The king was flirting with his wife again, but Old-Man Bob wasn’t worried. His young, beautiful wife had a stable life without all the problems riches brought with them. Surely she’d reject the King’s advances. 

Scenario 4: A naive old man in a castle giving a dog a home.

Old man Bob squinted his eyes at the puppy dragging an elk out of the castle moat. “Here boy,” he whistled as the puppy bared teeth the size of his arm at him and left out an earth trembling growl. “Let’s get you in out of the cold.”

Want to give it a try? Post your 3 sentence scene in the comments below.

 

 

Blood and Other Matter is LIVE!

Blood and Other Matter

Red Moon Rising

Derrick Hernandez and Tess D’Ovidio have been best friends forever. There’s nothing they wouldn’t do for one another. But their childhood bond is put to the test when Tess shows up on Derrick’s porch covered in blood…

Tess has no memory of what happened. She’d gone to a bush party with one of the football players. She remembers the bonfire…and then, nothing. Working backward, Tess and Derrick learn that she and seven other players were the only ones to make it back from the party alive.

During the next few weeks, each of the survivors is plagued with nightmares that reveal fragments of memories from the horrific night. But when the young men start dying under mysterious circumstances, Derrick can’t figure out if Tess is next—or if she’s somehow responsible. All he knows is that he has to save his best friend—or die trying…

Blood and Other Matter is live now. Order it Today!, and check out a free sample here.

 

 

 

Blood and Other Matter is Available for Pre-Order!

Blood and Other Matter

Red Moon Rising

Derrick Hernandez and Tess D’Ovidio have been best friends forever. There’s nothing they wouldn’t do for one another. But their childhood bond is put to the test when Tess shows up on Derrick’s porch covered in blood…

Tess has no memory of what happened. She’d gone to a bush party with one of the football players. She remembers the bonfire…and then, nothing. Working backward, Tess and Derrick learn that she and seven other players were the only ones to make it back from the party alive.

During the next few weeks, each of the survivors is plagued with nightmares that reveal fragments of memories from the horrific night. But when the young men start dying under mysterious circumstances, Derrick can’t figure out if Tess is next—or if she’s somehow responsible. All he knows is that he has to save his best friend—or die trying…

Blood and Other Matter releases on April 17th. Pre-Order today, and check out a free sample here.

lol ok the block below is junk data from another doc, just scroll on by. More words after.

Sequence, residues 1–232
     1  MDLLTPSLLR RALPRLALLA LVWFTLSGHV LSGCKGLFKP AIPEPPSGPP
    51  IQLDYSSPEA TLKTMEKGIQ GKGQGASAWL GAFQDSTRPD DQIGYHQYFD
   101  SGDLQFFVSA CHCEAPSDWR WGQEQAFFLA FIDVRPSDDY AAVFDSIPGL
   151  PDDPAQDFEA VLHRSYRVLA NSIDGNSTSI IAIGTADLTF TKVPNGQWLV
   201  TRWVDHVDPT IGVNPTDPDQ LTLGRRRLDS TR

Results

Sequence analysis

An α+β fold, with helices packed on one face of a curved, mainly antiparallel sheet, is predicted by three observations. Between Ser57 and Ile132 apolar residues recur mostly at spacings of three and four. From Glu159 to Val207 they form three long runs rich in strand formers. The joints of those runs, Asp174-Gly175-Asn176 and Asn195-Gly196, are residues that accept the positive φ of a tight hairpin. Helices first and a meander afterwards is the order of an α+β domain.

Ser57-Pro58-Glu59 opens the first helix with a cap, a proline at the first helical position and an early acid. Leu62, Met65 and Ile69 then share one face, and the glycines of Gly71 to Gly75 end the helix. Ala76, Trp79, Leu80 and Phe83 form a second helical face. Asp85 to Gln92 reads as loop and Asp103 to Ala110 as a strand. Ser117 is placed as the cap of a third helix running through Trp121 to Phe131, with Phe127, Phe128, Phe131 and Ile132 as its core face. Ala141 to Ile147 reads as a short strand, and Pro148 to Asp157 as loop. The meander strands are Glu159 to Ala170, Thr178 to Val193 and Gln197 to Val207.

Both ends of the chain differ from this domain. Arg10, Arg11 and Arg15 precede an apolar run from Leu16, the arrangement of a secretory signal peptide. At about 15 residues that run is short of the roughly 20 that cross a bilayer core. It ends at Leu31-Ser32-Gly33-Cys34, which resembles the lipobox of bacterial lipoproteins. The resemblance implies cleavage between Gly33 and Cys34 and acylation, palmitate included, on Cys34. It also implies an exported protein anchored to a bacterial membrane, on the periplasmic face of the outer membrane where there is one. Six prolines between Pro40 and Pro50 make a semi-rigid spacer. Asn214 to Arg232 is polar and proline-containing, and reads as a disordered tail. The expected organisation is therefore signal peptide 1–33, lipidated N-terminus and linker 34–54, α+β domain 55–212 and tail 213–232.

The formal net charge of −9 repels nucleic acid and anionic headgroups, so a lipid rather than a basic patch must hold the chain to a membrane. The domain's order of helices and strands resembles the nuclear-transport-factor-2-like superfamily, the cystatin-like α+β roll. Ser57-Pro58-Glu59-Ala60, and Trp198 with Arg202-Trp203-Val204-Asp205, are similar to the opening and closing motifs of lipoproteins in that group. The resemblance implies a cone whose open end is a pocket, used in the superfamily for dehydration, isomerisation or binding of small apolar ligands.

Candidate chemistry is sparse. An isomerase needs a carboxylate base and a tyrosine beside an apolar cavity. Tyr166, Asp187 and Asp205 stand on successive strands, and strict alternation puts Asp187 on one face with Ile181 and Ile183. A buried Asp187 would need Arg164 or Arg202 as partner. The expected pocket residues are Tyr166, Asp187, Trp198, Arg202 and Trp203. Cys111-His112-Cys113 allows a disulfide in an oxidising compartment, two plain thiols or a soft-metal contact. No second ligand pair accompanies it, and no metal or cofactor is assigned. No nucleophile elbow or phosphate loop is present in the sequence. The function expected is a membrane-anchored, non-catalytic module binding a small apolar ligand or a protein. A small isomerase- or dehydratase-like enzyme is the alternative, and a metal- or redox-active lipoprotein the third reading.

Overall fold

Review: Worthy of Love by M.M Kin

Worthy of Love by M.M Kin first edition book cover, Hephaestus, Kabeiro, Hades, Persephone, Aphrodite, Ares, Hera, Zeus, Greek Mythology RetellingBefore I begin this review, let me give a quick disclaimer. Worthy of Love is not a YA book. It includes adult content of the sexual variety. So, if you are not an adult or do not read adult books, read no further until you’re older.

We good?

Good.

Worthy of love is an adult Greek mythology retelling that focuses on Hephaestus’s life. We see his birth, his tragic fall from the mountain, his childhood, and his love life. Other mythological figures like Aphrodite, Hera, and Kabeiro play major roles, and still more like Hades, Persephone, Ares, Hermes, and Zeus have brief cameos.

One thing that I love about reading other Greek mythology retellings is that we authors have all looked at basically the same source material. We’ve studied the same myths, read the same stories, and we all came away with completely different characters and stories. A side note in my research (Heph and Kabeiro) is a major plot point for hers and vice versa. In her story, Heph, Hera, and even Zeus (sometimes) can be viewed through a sympathetic lens, but Aphrodite and Ares can most certainly not. My take is almost the exact opposite, I’ve read other stories that meet somewhere in the middle, and we’re all looking at the same myths. There’s so much room in Greek mythology for creative takes that are all completely accurate.

I finished this book fairly fast and really enjoyed seeing another interpretation of the marriage of Hephaestus and Aphrodite. I do wish Aphrodite had been a bit more multi-dimensional since she’s such a focal point in this book. Kin does acknowledge the double standard in the way Zeus is viewed for being promiscuous and the way Aphrodite is viewed, but Zeus was fleshed out enough that it wasn’t his only character trait. Aphrodite was just a shallow, petty, whore, and apparently a terrible mother. But I also recognize I have a bias when it comes to Aphrodite.

One thing I really appreciated was Kin setting this in ancient Greece but not doing the whole ‘my characters are going to randomly speak in stilted, Victorian English thing. I know the modern dialect puts off some readers because it’s not historically accurate, but if Kin was going for complete accuracy in her dialogue, the characters would in fact be speaking ancient Greek, not stilted, old English. If a reader can assume the characters are speaking Greek, but the story has been translated to English for our sakes, then can’t we also assume the idioms have been translated as well?

Thank you Kin for the review copy. It is always a pleasure to read another take on the Greek myths.

 

 

YA Scavenger Hunt

Welcome to YA Scavenger Hunt! This bi-annual event was first organized by author Colleen Houck as a way to give readers a chance to gain access to exclusive bonus material from their favorite authors…and a chance to win some awesome prizes! At this hunt, you not only get access to exclusive content from each author, you also get a clue for the hunt. Add up the clues, and you can enter for our prize–one lucky winner will receive one book from each author on the hunt in my team! But play fast: this contest (and all the exclusive bonus material) will only be online for 72 hours!